Comments and opinions from folkies on the crisis facing the Sidmouth Festival.

Gripes corner, cynics rectangle, and other geometry

A frequent 'cynical' observation is that part of what is wrong with Sidmouth is that it has gone too far in the direction of being centred upon 'star' acts. The need to pay high fees has driven the organisers to try and recoup as much money as possible and this in turn has led to bad feeling. Gripes about amateur teams not being made welcome any more are also common.


Paying 5 to go into the festival market is outrageous, so I go after 5pm. The traders are not happy. Last year I overheard one saying "It must be 5-o-clock we've got customers". The whole ethos of Sidmouth comes across as being about taking money and greed on the part of the organisers. This may be wrong but that's how it appears.

I much prefer when the foreign teams (including the local "foreign" teams) are dedicated amateurs, for whom it's a holiday, in which they stay the whole week and rough it like most of the festival goers, rather than professionals dropping in for another gig on a frantic tour.

I'd like to see the festival as it changes move away from the show-biz emphasis that has started to creep in over the years.

Sidmouth lost its charm when the current management took over and stopped inviting the majority of English Folk teams, and subsequently dropped folk from the title.

There may not be such a thing as a free lunch but many folk are not looking for one. But shouldn't you be able to sing and then eat your own sandwiches on the seafront, without someone expecting payment.

If you follow some of the trade stalls, their prices are 25% more at Sidmouth than they are at Towersey, and being the end of the season is not the reason, because they are 25% cheaper at Chippenham and that's the beginning of the season!

There doesn't seem to be a Chamber of Trade in Sidmouth, maybe they need one, and perhaps this is the sort of issue that could get one set up. They need our custom, and the custom of the people we draw to the town.

I suspect the festival pumps a huge amount of money into the local economy but the local economy does not repay anything back into the festival. Remember they all like our money but they don't like folkies.

Insurance - ALL insurance policies have exploded in the last 2-3 years, regardless of what you are insuring, it's not a great deal to do with Al Q'eeda, but more to do with the litigious society we are now entering into. When you can sue a "restaurant" for selling you a cup of hot coffee and not telling you it was hot, or that it would be stupid to put it between your legs whilst driving, then what do you expect?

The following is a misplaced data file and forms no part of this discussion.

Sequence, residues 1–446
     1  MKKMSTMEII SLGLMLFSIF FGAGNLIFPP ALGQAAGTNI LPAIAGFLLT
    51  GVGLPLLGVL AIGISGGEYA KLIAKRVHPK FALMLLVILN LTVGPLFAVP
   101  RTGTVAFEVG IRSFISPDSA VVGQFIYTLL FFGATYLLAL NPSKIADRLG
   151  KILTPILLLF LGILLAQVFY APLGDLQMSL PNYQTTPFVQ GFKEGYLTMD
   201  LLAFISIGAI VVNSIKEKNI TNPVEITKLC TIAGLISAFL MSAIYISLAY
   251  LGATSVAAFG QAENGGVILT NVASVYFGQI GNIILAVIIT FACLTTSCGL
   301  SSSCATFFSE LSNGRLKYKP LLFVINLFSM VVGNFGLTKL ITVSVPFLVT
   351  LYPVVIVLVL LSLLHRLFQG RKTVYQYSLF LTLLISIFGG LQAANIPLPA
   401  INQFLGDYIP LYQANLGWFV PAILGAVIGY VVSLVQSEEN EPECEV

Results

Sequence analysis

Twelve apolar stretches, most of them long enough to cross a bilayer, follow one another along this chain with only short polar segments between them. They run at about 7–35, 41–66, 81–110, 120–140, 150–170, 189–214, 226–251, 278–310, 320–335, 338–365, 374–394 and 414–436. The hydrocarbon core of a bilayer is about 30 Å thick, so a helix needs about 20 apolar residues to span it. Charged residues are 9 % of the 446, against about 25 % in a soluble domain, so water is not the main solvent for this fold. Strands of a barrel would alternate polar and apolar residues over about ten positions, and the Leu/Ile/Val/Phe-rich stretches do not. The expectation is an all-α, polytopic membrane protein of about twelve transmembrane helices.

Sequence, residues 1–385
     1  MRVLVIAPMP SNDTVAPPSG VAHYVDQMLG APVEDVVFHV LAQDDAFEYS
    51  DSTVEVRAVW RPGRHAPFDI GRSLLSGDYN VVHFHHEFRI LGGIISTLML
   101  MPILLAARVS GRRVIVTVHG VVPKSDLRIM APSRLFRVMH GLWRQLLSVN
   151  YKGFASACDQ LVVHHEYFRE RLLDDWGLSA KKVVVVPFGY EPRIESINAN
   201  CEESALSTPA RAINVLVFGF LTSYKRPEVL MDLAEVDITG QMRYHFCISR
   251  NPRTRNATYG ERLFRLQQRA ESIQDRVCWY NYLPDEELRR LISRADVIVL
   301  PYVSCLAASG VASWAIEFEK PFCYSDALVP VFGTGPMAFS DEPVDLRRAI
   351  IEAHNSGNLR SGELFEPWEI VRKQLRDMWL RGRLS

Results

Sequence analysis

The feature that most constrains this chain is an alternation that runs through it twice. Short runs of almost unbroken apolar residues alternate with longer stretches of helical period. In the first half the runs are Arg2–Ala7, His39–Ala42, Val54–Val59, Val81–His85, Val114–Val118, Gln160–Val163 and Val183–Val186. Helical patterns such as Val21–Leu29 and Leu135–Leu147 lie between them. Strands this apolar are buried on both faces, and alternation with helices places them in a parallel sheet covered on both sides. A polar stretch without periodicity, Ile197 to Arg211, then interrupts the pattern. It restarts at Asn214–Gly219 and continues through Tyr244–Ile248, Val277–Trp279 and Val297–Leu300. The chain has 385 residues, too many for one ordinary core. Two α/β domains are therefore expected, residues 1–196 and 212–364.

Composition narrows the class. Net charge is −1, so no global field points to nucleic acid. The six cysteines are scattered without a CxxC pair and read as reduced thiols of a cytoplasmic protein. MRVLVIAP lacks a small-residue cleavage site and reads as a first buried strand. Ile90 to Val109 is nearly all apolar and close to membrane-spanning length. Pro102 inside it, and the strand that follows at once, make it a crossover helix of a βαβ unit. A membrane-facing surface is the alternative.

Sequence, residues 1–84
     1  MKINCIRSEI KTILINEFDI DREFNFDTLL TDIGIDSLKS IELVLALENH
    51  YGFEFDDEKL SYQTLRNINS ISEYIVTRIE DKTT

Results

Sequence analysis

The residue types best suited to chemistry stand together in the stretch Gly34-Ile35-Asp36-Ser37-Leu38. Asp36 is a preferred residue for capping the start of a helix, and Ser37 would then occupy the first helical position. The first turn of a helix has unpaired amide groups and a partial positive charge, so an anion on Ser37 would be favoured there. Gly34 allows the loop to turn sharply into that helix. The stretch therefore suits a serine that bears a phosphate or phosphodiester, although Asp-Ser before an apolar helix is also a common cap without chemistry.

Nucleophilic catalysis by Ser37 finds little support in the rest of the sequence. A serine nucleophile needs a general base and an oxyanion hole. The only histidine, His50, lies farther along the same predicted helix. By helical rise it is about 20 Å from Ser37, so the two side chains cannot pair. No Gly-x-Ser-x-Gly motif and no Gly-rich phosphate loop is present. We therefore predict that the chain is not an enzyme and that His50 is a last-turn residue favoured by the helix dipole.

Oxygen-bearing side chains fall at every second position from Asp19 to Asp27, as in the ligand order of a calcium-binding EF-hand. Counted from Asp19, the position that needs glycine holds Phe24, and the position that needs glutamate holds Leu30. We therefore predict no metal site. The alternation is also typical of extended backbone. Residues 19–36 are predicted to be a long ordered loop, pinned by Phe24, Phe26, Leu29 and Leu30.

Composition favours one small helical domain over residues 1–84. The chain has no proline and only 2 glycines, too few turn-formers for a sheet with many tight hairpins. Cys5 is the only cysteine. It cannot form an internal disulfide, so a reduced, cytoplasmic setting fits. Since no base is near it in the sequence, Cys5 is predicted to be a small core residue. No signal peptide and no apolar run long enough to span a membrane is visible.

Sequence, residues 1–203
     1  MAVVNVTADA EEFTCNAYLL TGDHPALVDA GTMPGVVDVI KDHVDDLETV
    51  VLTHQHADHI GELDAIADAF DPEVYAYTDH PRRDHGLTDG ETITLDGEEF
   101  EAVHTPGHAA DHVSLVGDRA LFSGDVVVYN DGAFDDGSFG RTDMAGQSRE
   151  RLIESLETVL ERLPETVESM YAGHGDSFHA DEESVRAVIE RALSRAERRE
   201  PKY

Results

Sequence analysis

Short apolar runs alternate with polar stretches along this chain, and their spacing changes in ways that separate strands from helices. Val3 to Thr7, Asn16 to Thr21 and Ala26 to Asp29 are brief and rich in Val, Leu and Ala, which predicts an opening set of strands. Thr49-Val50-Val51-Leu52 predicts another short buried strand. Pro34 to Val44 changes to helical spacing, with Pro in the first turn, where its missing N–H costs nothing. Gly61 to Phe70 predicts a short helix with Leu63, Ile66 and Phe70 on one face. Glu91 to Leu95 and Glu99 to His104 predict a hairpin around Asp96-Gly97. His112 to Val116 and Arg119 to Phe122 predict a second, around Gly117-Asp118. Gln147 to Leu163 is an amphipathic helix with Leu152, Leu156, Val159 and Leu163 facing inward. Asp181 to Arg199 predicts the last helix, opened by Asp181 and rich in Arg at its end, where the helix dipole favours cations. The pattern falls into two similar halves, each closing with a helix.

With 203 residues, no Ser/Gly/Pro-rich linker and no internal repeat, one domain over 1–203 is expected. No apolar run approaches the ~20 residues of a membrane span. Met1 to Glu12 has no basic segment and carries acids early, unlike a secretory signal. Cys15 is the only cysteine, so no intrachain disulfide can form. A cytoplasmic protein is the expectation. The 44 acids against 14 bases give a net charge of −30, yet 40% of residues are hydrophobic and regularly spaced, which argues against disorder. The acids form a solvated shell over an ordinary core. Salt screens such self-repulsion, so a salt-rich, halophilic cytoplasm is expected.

The cynic in me is thinking....Towersey makes a lot of Sidmouth a tax loss?

If you have a campus-type festival, where everything happens on a field, like Cambridge, everybody coming pays towards the cost. But when you have it distributed around a town, with a fringe that is so big and varied that you can have a great time without buying any tickets at all, a lot of people are not going to buy the tickets.

How about selling tickets to get into Sidmouth? We could have road blocks, where anyone going anywhere near Sidmouth is hauled out of their cars and all their money is forcibly taken from them? That should generate enough money keep the festival going for a few years. To me, the Festival Press Release sounds like scare mongering to try and get a more visible backer. Hope it works. Mind you, if it doesn't, maybe we can go back to the sort of festival it was when I first went in 1989, when it seemed much friendlier and more musical.

The fringe may not have happened in Sidmouth without the commercial festival but this fringe can certainly continue, should the current organisers finally pull-out. As they have been threatening to do - it seems - every recent year.

I do tire of these threats and this brinkmanship. We must accept that the private concern that runs the current affair (and appears to wish to charge everyone for breathing in the Sidmouth air, for that week) - can pull the plug and walk away at any time. And as a private company, they face many risks other than the issue here. Losses in other ventures may cause them to go bust  - this could cause the festival to cease at any time.

Get back to the roots…most people that appeared at Sidmouth twenty years ago, stayed the week, treated it as a holiday, and didn't screw the organisers. Now most song events by established performers are simply a quick breeze into Sidmouth, do the show, take the money and scarper.

The crucial word about any future trust fund, is the word trust. If they (Mrs Casey's Music) get want they want this time, are the current organisers to be trusted not to come up with some other threat in the future. If I were a local business or councillor I might be wary of giving in to this public demand, and be concerned about the form the next blackmail attempt may take.


Sidmouth has 3 problems.

It's in the wrong place. It's a pain in the neck for most people to get to.

The weather is horrible. Every year. Move it somewhere warmer.

The campsite is bollocks. Who really wants to sleep at a 45 degree angle?

Broadstairs, which is a week later is always warm and sunny - still a pain to get to, but a damn sight nearer London. The campsite is flat. Broadstairs is getting bigger every year.

I love Sidmouth Festival to bits - but the place is rubbish. You can't park anywhere for love or money. At Broadstairs, everywhere is walking distance from the campsite.

I really do think that a change of location could solve a lot of problems for Sidmouth. There must be other festivals that run for a week and make a profit? Anyone know any figures for Whitby?

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